Bird stated, “Airports are economic engines. From the same economic impact study noted above, we learned that the economic impact of the 108 public airports in the Oklahoma Airport System (OAS) is $10.6 billion. Major aerospace businesses such as American Airlines, AAR and Skywest are located at Tulsa International and Oklahoma City’s Will Rogers. General Aviation Modifications, Inc. (GAMI) and Tornado Alley Turbo are located on the Ada Municipal Airport. Aircraft Structures International is located at Enid Woodring Regional Airport. These companies are known for their work around the world and they provide hundreds of well-paying jobs. These general aviation airports are premier Regional Business airports in the OAS. Economic activity is generated by aerospace businesses such as these located on the airports, and businesses that use the airports like Quik Trip at Tulsa International, Devon at Will Rogers, Michelin at Ardmore Municipal, and Seaboard Farms at Guymon.” Bird continued, “HB 2518 allows airports to enter into 50-year leases instead of 40 years with businesses that want to locate on airports and build facilities that will provide high paying jobs. It will prove beneficial to inducing major employers to build on airports. This will enhance the economic development efforts of Oklahoma airports, particularly Oklahoma City’s Will Rogers World Airport and Tulsa International Airport.”

The Oklahoma Department of Commerce Aerospace Commerce Economic Services (ACES) Program also received a two-fold increase in their appropriation from the legislature to $1M. The program created by Senator Rosino during the 2018 session, has a mission to build partnerships with aerospace companies, agencies and academia to grow the state’s aerospace industry.

“The Aeronautics Commission has worked closely with Commerce and Senator Rosino over the last year to help facilitate ACES’ objective. We know the importance of fostering and developing the aviation and aerospace community because the Commission has been serving that pursuit for the past 55 years,” said Bird. Two Aeronautics programs, the Oklahoma Aerospace Institute and the Center for Aerospace and Defense Supplier Quality (CADSQ), were the predecessors to ACES.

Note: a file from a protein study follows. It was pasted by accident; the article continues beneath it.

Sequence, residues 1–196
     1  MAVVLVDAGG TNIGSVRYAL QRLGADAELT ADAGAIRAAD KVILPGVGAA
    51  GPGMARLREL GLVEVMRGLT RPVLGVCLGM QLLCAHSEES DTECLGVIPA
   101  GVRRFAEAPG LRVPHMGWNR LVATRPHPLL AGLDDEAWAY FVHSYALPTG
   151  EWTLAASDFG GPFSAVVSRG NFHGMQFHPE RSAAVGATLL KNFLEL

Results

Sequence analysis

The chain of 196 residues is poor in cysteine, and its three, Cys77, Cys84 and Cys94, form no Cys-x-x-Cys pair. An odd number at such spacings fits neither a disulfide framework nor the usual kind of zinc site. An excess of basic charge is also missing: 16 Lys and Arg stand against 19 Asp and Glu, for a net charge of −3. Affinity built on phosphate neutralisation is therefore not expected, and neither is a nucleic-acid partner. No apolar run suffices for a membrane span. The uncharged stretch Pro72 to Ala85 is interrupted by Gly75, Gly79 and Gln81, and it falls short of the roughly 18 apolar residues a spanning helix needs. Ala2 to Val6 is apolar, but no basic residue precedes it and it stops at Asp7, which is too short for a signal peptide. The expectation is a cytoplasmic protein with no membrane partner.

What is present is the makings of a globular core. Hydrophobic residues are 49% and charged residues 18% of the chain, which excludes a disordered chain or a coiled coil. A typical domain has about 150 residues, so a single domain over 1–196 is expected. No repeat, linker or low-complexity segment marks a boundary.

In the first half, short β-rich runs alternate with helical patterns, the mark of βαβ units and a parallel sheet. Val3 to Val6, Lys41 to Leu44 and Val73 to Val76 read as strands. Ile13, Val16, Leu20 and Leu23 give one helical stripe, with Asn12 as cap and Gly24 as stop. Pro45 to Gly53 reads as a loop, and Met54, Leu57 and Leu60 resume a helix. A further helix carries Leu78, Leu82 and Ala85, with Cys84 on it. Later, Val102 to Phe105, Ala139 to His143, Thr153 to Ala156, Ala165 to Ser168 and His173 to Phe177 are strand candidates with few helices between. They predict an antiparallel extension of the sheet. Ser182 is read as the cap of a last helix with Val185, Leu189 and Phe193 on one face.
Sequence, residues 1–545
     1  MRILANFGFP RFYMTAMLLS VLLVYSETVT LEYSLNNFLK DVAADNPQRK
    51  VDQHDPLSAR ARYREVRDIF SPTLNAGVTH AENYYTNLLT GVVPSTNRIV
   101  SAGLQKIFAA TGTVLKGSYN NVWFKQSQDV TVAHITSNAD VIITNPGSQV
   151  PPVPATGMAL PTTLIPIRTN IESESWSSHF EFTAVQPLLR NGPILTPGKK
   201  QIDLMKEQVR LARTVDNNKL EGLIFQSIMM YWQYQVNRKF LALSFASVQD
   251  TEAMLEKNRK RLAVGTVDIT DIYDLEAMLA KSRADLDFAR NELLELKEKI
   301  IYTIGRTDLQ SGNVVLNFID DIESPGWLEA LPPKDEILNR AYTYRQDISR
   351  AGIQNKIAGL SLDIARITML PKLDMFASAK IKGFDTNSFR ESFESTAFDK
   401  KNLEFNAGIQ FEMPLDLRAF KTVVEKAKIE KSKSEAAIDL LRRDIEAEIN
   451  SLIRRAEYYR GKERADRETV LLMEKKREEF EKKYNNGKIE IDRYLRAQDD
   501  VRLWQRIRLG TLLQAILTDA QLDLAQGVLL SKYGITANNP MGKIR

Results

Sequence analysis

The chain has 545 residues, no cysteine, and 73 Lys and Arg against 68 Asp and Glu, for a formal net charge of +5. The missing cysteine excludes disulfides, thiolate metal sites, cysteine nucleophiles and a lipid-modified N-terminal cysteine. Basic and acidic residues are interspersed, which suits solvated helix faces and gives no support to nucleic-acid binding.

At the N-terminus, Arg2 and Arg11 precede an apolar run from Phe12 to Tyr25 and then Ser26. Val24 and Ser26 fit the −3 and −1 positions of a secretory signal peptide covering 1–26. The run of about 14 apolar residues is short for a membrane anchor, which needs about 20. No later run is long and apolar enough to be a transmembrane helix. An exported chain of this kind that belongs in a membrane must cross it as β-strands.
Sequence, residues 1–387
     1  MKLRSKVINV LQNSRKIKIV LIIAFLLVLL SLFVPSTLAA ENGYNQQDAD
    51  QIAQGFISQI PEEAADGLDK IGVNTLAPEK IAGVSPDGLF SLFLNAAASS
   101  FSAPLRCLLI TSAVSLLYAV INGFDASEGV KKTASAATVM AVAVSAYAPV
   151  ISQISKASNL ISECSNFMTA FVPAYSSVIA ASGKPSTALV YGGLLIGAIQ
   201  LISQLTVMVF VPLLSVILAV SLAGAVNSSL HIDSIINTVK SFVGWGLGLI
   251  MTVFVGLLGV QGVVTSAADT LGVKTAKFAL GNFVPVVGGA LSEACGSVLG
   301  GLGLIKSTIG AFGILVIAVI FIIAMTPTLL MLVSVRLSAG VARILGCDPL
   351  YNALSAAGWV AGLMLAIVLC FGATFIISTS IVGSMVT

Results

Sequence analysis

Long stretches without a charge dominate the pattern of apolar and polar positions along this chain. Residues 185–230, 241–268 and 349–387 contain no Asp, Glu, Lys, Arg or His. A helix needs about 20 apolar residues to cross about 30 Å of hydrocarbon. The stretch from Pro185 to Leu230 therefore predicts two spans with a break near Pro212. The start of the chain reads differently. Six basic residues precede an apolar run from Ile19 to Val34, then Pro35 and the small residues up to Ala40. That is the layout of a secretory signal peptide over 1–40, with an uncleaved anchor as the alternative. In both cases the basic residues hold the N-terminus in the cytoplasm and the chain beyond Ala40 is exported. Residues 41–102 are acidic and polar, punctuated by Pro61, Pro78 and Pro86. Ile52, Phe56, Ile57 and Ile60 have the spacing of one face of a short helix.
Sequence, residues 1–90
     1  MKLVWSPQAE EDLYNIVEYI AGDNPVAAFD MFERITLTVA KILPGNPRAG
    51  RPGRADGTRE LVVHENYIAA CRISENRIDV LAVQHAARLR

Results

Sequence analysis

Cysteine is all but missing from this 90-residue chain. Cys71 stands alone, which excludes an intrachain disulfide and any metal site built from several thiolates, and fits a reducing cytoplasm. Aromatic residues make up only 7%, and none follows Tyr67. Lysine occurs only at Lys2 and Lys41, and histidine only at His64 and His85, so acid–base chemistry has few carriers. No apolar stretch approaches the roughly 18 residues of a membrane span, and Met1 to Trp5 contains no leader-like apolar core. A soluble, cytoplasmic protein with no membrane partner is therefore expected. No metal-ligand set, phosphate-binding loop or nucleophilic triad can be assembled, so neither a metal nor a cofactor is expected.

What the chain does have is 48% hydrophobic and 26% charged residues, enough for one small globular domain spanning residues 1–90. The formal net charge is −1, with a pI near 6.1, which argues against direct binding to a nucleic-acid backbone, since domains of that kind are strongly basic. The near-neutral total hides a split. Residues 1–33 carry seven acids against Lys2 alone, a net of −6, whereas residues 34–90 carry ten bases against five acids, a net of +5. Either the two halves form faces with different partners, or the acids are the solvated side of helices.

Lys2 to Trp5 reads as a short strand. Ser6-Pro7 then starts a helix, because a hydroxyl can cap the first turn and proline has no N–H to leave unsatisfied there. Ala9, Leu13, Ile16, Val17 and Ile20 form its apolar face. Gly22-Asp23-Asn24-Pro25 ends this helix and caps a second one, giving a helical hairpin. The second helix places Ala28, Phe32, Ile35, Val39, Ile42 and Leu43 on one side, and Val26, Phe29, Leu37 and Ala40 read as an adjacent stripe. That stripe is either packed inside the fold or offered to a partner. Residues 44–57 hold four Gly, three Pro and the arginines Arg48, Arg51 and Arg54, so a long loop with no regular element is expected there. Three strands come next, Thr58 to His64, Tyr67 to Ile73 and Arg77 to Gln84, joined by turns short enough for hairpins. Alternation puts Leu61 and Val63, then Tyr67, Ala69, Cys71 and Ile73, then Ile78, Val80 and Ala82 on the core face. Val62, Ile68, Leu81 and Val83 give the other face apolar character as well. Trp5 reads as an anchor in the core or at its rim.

To further embolden the aviation and aerospace community, a newly formed AERO Caucus was also active throughout the session meeting monthly to discuss legislation and other issues within the sector. The Caucus hosted an Airmen Appreciation Assembly with over 200 airmen from bases across the state during the aviation advocacy day in March and toured Tinker Air Force Base during their May meeting.

“There is still much work to be done,” said Bird. “The workforce needs in the aerospace sector are at an all-time high, our airport infrastructure funding will have an $800M shortfall over the next twenty years, and there is also a pilot shortage in all facets of the industry including military, commercial, and business and general aviation. The Legislature is looking to the Aeronautics Commission, Commerce, CareerTech, and Higher Education to serve the aerospace industry. We appreciate the Legislature providing the tools we need to serve this growing economic engine.”